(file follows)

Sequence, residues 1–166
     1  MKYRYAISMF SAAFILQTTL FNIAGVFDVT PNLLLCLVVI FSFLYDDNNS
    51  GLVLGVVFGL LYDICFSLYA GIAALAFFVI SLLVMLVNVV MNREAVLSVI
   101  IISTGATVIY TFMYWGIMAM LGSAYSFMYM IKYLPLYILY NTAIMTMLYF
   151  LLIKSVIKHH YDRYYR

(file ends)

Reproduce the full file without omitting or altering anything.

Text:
Sequence, residues 1–166
     1  MKYRYAISMF SAAFILQTTL FNIAGVFDVT PNLLLCLVVI FSFLYDDNNS
    51  GLVLGVVFGL LYDICFSLYA GIAALAFFVI SLLVMLVNVV MNREAVLSVI
   101  IISTGATVIY TFMYWGIMAM LGSAYSFMYM IKYLPLYILY NTAIMTMLYF
   151  LLIKSVIKHH YDRYYR